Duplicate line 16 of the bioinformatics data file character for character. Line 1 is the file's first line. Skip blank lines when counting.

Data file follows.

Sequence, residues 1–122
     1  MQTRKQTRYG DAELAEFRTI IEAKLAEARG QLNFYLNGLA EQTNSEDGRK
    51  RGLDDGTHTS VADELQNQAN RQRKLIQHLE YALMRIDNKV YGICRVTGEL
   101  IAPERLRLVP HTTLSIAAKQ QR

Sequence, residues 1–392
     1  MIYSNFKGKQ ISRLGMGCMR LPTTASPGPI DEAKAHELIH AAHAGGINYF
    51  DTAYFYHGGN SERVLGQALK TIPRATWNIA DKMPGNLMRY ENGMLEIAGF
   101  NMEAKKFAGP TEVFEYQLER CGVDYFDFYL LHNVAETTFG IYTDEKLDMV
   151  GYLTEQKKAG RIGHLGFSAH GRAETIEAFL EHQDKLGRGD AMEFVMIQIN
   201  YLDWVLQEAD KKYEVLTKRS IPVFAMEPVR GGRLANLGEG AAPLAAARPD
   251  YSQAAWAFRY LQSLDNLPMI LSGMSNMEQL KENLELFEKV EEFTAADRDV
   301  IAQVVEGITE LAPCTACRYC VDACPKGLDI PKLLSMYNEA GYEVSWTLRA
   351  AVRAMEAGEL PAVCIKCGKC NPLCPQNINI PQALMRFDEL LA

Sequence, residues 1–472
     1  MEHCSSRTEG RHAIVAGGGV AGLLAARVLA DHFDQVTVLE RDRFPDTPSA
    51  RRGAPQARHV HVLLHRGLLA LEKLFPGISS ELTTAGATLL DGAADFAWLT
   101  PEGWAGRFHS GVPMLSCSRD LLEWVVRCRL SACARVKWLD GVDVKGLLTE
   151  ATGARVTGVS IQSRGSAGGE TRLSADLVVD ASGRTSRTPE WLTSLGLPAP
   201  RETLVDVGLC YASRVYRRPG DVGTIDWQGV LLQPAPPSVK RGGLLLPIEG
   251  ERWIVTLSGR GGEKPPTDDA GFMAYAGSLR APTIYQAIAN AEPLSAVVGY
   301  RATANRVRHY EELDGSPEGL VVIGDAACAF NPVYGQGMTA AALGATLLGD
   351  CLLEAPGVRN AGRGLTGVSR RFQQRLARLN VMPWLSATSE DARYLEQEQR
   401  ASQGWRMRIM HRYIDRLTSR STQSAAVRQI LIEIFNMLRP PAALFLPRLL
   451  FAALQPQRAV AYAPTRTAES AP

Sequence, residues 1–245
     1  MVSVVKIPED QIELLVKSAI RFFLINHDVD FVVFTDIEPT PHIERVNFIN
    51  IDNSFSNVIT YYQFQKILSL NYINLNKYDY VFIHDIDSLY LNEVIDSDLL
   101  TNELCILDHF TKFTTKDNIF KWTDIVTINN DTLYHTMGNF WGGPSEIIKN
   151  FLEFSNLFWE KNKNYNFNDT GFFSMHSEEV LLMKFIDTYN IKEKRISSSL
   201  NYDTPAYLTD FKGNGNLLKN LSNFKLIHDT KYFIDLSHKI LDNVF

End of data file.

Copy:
    51  RRGAPQARHV HVLLHRGLLA LEKLFPGISS ELTTAGATLL DGAADFAWLT